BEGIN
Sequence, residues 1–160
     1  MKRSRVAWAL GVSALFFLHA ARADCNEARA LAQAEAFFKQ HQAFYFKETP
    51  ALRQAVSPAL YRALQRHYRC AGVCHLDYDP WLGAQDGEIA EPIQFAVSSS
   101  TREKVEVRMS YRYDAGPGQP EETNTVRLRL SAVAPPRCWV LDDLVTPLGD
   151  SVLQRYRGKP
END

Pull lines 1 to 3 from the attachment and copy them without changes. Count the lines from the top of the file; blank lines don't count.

Sequence, residues 1–160
     1  MKRSRVAWAL GVSALFFLHA ARADCNEARA LAQAEAFFKQ HQAFYFKETP
    51  ALRQAVSPAL YRALQRHYRC AGVCHLDYDP WLGAQDGEIA EPIQFAVSSS